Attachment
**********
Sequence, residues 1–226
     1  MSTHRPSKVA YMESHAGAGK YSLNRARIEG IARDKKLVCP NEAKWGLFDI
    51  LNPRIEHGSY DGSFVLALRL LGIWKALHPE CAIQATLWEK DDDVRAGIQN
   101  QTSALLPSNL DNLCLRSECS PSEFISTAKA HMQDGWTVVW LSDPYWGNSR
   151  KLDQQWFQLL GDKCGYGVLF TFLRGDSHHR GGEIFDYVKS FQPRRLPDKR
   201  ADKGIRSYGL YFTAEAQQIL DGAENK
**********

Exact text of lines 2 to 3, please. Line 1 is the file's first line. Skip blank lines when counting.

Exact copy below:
     1  MSTHRPSKVA YMESHAGAGK YSLNRARIEG IARDKKLVCP NEAKWGLFDI
    51  LNPRIEHGSY DGSFVLALRL LGIWKALHPE CAIQATLWEK DDDVRAGIQN